Where Japanese musicians used to move to Tokyo for a shot at the big time, these days it feels like increasing numbers of them are heading to Berlin instead. Mayuko Hitotsuyanagi, better known by her dream-pop alias Cuushe, was one of them. In 2012, the Kyoto native embarked on a yearlong working holiday in the German capital, where she got a taste for the city’s famous nightlife while producing her second album, “Butterfly Case.”
The experience seemed to have a galvanizing effect on her music: where Cuushe’s songs had once been dreamy to the point of soporific, “Butterfly Case” was considerably more focused, all shimmering synthesizers and loping four-four beats. In a few instances, notably on lead single “I Love You,” it sounded positively euphoric.
“It was originally supposed to be a downtempo album,” Cuushe says, over green tea and wagashi sweets at a traditional confectioner in Tokyo. “When I went to Berlin, I was going to clubs and stuff, and the influence rubbed off on my music — it ended up becoming more uptempo.”
On her follow-up, the recently released “Night Lines” EP, Cuushe has continued in a similar vein — a result, she says, of wanting to give her audiences something they could dance to at her shows. Standout track “Daze,” which rattles along at a brisk 130 bpm, is the most propulsive thing she’s ever done, while the sultry hip-hop grooves of “Tie” seem tailor-made for slow dancing at a hipster disco.
Once again, the EP finds her working in collaboration with Flau label boss Yasuhiko “Aus” Fukuzono, who has contributed production work to all of Cuushe’s recordings to date. In this case, though, he says he had much less to do.
“In the past, I’d sometimes practically be doing a remix, but this time the songs were already pretty much complete,” he says. “I only needed to tighten things up a bit, or maybe do a treatment of a rhythm track.”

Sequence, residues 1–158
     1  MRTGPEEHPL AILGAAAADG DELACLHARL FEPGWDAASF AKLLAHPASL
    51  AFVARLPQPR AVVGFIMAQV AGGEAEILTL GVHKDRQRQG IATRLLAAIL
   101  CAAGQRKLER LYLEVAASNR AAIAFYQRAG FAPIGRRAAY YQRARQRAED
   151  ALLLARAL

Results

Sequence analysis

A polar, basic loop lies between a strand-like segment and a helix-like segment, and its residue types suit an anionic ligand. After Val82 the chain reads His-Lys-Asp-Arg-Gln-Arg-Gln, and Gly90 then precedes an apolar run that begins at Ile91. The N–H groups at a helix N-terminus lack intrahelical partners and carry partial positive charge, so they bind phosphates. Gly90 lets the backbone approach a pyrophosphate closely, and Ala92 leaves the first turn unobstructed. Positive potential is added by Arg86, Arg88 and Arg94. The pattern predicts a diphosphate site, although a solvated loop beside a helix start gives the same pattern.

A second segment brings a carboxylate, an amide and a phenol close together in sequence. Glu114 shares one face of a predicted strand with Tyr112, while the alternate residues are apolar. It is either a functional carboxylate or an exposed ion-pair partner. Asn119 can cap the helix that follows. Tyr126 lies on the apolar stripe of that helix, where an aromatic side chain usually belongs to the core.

Whereas “Butterfly Case” was created in thrall to Berlin, with “Night Lines” Cuushe looked to the Japanese capital for inspiration.
“I was imagining Tokyo at night, and capturing those feelings in song — you could say it’s my version of ‘city pop,’ ” she says.
Her surroundings influenced the music in other ways, too. Audiences at recent Cuushe shows may have been surprised to hear the singer performing with a gusto that’s far removed from the breathy restraint of her recordings.
“Before I went to Berlin, I was making all my music in Japan, so I’d be careful not to raise my voice because I was thinking about the neighbors,” she says. “But when I moved to Berlin, people in my area were always having parties without worrying about the noise — it was ‘boom boom’ all the time — so I started singing louder too.”
“The latest EP was made in Japan, so I’m using more of a whisper voice on the recordings,” she continues, “but when I play songs like ‘Tie’ live, I’m singing a lot harder.”
Cuushe took a similar approach on last year’s “Do You Feel Me”, the uncharacteristically chipper track that she contributed to a “Secret Songs” compilation put together by Ryan Hemsworth. The Canadian DJ and producer has become a kingmaker for Internet musicians, and was an early champion of PC Music, the divisive British label that’s spawned an entire sub-genre of garish, deconstructed pop.
Cuushe had originally written “Do You Feel Me” while working on “Butterfly Case”, but ditched it because it sounded too jaunty; now she was resurrecting it for precisely that reason.
“PC Music is just like in-your-face fun, isn’t it?” she says. “I was channeling a bit of that when I made the song.”
Perhaps this is what endeared her to Cascine, the New York- and London-based indie imprint that is releasing “Night Lines” digitally and in a limited vinyl edition in the U.S. While her Japanese label, Flau, typically prefers its music hushed and reverent, Cascine is rather more pop in its affiliations.
So does she think they’re hoping for Cuushe to develop into an indie answer to Kyary Pamyu Pamyu?
“Oh, I couldn’t do Kyary!” she exclaims. “I couldn’t go that far.”
“She’s too shy, for starters,” says Fukuzono.
Then again, apparently it’s not for want of trying. “I actually wanted ‘Night Lines’ to be a little brighter and poppier, but it ended up like this,” Cuushe says. “I’m always thinking, ‘Yeah, let’s make a really cheerful song!’ For example, I might listen to Passion Pit and think that I want to make a song like that, but I can never do it.”
She laughs; Fukuzono grimaces. Maybe there are some dreams that are better left unfulfilled.